Another large Oxford Street retailer is looking to downsize in light of the recent surge in online shopping, and this time it’s M&S. Although the pandemic inspired surge in online shopping is the catalyst for the change, it was always likely to happen eventually, and even before the pandemic, plans were being developed for an Oxford Street with fewer retail stores.
M&S’s largest retail store has been on its site next to Selfridges since 1930, although originally it was a much smaller shop than it is today.
The M&S store is actually made up of three separate buildings that were joined internally to make one shop. The Edwardian classic frontage, Orchard House on the corner, a 1980s red brick building, Neale House, and around the side, a last 1960s era building on Orchard Street.
The grand imposing Orchard House, built in 1929-30 was once the main training centre for Lyons teashops, with the company occupying the 3rd-5th floors of the building from 1930 to 1967.
If you look very carefully, underneath the bronze clock is a small horse head – a chess piece Knight, and the last remaining from a set that ran around the building all inspired by Alice in Wonderland.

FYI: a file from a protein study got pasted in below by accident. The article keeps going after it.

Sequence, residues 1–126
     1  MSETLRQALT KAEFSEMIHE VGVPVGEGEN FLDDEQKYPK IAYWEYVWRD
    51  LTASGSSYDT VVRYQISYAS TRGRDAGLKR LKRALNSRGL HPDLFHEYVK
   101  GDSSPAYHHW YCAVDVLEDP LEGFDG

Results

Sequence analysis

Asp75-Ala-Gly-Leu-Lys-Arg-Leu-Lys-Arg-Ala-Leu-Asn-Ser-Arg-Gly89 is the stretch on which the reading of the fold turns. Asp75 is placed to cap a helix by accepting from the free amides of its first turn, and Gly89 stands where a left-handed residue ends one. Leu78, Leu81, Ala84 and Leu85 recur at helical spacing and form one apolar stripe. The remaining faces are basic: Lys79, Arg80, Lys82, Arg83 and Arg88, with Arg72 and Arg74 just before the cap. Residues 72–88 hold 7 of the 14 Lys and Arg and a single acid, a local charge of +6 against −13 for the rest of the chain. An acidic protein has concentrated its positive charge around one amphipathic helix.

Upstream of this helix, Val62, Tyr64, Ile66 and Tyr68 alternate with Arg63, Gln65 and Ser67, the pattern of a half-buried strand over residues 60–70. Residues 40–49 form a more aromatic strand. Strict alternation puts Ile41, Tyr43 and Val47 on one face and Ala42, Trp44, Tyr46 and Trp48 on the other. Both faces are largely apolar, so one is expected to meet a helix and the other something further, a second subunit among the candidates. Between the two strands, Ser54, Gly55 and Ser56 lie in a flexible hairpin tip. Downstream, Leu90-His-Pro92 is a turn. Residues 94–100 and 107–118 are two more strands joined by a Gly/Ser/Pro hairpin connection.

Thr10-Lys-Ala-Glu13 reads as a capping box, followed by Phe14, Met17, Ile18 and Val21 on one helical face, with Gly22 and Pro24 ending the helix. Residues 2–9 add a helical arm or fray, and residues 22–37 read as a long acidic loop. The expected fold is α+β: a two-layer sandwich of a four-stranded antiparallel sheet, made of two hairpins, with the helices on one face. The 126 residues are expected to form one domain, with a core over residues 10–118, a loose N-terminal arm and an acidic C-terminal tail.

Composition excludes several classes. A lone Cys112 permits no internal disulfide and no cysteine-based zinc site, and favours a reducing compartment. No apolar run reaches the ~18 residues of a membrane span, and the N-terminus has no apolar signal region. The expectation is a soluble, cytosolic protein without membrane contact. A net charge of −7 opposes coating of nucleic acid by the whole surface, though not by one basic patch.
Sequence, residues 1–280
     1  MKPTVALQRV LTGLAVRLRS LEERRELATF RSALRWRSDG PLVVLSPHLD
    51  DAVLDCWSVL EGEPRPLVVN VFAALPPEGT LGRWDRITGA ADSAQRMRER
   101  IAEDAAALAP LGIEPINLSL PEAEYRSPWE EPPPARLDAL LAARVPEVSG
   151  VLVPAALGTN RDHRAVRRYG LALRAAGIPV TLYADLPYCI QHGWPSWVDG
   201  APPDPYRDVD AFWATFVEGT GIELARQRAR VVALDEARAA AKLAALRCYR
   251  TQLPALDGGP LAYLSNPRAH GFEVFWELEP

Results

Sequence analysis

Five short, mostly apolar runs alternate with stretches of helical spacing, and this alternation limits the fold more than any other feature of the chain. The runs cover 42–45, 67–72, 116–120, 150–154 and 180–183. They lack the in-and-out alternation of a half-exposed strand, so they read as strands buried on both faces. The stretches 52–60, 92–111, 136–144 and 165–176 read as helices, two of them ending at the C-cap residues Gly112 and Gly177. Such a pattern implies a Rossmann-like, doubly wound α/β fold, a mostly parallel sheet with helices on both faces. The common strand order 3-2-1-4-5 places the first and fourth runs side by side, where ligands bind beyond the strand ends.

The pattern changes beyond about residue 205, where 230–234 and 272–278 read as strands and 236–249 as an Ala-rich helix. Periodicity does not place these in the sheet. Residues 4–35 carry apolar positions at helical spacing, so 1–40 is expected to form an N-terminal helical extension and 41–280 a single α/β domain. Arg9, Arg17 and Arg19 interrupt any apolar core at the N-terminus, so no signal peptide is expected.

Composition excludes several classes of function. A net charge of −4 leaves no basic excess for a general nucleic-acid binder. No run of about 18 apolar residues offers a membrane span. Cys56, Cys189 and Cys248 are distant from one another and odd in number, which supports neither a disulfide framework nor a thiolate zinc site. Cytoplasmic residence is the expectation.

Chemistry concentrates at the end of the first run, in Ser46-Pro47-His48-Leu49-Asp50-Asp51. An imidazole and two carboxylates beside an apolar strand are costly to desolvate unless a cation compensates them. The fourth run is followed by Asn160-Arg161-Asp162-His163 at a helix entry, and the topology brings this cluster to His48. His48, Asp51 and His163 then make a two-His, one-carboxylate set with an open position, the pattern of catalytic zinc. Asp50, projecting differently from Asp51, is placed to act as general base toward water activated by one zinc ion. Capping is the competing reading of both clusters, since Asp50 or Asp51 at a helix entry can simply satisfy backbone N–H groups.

Although built by Lyons, they only wanted the upper floors, so the ground and basement floors were rented out to M&S, and the corner to the National Provincial Bank.
In 1967, when Lyons moved out M&S took over the whole building, and they built an extension at the side — which is today the food hall, and they’ve been the sole occupant ever since.
The retailer is now planning to redevelop the site, replacing it with a smaller retail outlet, and new office spaces to be rented out. Sadly, the classic frontage on the corner will go in the proposal, which does sit nicely next to Selfridges, but as it’s also opposite a massive modern glass and steel building, it’s unlikely that heritage lobbies will be able to save it.
The current building is 5 storeys above the ground in height, and the replacement will be 9 storeys, although they will step back the floors at the upper levels so the building looks comparable in height to Selfridges when seen from local streets.
There’s a public consultation at the moment here, and if planning permission is granted then construction will start in 2023 with completion in 2027.